Again, I mainly take issue with the lack of our eccentric hosts actually working together as a single, focused unit. Sure, the finale counts, but the only way to see more “Don't f*ck with a room full of cross-dressing bishie manservants” is to go digging through the manga.
Clannad is all sprightly execution with no spark of originality when it comes to its characters. Yes, they're all stereotypes, but damn if they're not a lovable bunch of misfits. 'Course, it's all up to how much you can stomach moe, but I find the adorable grouping of Tomoya, Sunohara, Nagisa, Kyou, Kotomi, Tomoyo, and Fuko absolutely irresistible.
My primary beef with Clannad's nakama, however, is that it's completely absent during the most significant part of ~After Story~. Yes, that part. Sure, there's a cozy Christmas reunion at Nagisa's house right before that part, but it flew by so quickly that it felt perfunctory and even a tad insincere. Call it a withering deconstruction of the power of friendship if you want, but seeing all those familiar faces disappear into the void of the grown-up world was disheartening.
Hayate's bright, colorful cast gripped me from the get-go but failed to do much outside of putzing around as free-radicals. Toradora! is what would happen if you took all of that unfettered craziness and built a cute and charming romantic comedy out of it. With straitlaced clean-freak, Ryuji; bellicose bruiser, Taiga; self-centered snob, Ami; airheaded ball-of-energy, Minorin; and eccentric everyman, Yusaku; Toradora!'s nakama is a well-oiled comedy routine that's always firing on all cylinders due to how well the characters play off of each other. Throw in some unresolved sexual tension and, well, you have the perfect romantic seasoning to spice up the pot.
One of Toradora!'s creative touches is the story itself, which eschews conventional relationship progression in favor of blindsiding scenarios that would put any group of friends under immeasurable stress. The last arc is often described as "love it or hate it" for how overwrought the whole shebang comes off as and just the fact that the crew emerges hand-in-hand is tear-jerking in and of itself.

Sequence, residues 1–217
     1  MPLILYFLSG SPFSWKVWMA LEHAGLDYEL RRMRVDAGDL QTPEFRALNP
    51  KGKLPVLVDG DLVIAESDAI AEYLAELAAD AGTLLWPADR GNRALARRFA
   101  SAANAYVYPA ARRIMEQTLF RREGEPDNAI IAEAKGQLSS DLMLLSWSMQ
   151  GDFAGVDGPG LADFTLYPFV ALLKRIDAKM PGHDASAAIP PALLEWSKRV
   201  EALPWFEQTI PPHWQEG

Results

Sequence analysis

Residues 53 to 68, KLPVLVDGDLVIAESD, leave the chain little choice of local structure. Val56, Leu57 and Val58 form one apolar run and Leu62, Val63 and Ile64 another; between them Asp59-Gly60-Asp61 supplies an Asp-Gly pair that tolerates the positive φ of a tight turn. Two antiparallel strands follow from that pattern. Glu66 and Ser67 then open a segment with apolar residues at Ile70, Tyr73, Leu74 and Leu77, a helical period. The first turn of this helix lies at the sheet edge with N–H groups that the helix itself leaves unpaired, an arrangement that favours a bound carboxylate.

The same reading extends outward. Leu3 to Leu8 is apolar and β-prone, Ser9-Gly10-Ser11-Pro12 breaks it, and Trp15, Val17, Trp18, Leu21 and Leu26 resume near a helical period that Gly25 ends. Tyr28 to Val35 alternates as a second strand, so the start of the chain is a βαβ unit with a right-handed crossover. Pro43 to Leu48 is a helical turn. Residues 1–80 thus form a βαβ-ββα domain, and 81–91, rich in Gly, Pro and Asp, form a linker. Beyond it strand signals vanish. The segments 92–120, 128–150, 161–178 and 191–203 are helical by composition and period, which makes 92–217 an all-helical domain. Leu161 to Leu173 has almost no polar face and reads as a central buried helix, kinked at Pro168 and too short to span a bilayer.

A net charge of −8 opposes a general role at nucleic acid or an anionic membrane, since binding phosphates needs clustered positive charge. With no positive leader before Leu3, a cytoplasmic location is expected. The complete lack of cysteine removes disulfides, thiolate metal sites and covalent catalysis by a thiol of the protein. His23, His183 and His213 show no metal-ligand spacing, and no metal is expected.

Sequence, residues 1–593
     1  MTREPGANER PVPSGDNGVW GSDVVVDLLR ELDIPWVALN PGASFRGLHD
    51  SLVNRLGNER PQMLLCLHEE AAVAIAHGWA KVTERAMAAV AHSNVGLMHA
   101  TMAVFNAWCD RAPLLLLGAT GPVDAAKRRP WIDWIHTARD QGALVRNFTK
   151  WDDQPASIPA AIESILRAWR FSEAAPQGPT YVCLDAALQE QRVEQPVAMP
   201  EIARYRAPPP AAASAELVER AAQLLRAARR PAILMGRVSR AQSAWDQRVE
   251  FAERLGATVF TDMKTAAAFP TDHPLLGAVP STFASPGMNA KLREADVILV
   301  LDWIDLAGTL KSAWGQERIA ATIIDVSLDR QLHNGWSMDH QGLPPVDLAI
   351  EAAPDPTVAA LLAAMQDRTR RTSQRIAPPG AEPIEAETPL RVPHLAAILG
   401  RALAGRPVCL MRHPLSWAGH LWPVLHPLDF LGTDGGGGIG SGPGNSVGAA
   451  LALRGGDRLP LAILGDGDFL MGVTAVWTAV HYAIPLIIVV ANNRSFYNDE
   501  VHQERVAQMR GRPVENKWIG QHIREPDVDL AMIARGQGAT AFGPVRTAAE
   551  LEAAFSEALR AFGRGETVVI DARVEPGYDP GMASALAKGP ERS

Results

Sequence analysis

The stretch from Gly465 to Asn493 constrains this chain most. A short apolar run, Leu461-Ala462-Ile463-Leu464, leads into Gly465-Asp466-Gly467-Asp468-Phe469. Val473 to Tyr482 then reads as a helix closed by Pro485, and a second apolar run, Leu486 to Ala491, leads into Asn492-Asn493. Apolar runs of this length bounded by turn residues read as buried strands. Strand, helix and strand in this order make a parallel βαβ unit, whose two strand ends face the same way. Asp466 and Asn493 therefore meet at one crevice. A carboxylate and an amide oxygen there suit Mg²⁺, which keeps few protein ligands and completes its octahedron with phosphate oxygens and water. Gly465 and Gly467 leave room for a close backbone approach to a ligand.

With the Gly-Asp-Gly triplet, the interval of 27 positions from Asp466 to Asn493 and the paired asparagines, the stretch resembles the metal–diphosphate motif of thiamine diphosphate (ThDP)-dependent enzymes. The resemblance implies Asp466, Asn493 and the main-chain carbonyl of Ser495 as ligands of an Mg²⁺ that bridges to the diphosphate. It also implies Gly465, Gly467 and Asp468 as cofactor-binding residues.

shounen-action series actually landed on this list? That's right, shounen-action isn't all like Bleach or Naruto where declarations of friendship need to be repeated ad naseum like an automated motivational spiel.
Something that is stressed quite often in Yu Yu Hakusho is sacrifice. Kuwabara gives up his life for Yusuke during the Dark Tournament and Yusuke repays the favor in Chapter Black without a moment's hesitation. Heck, even Yusuke's first death way back at the start of the series wrings a waterfall out of Kuwabara and they weren't even friends back then.
I could go on about how the characters are well-developed and how their infighting and bickering only proves how close they really are, but I think it's best to go the Hiei route, which is oft-traveled by the series itself. That is, tread lightly on the subject of friendship and let it speak for itself instead of slavishly blaring it out of a Vuvuzela at the climax of every single brawl.
real friends help you move bodies, natch?
Okay, okay. To be honest, during the back half of Kai, something unexpected stirred inside me during the pivotal climaxes. The fruit of friendship was indeed overripe, but for some reason, I still caught myself cheering vociferously for the Hinamizawa crew.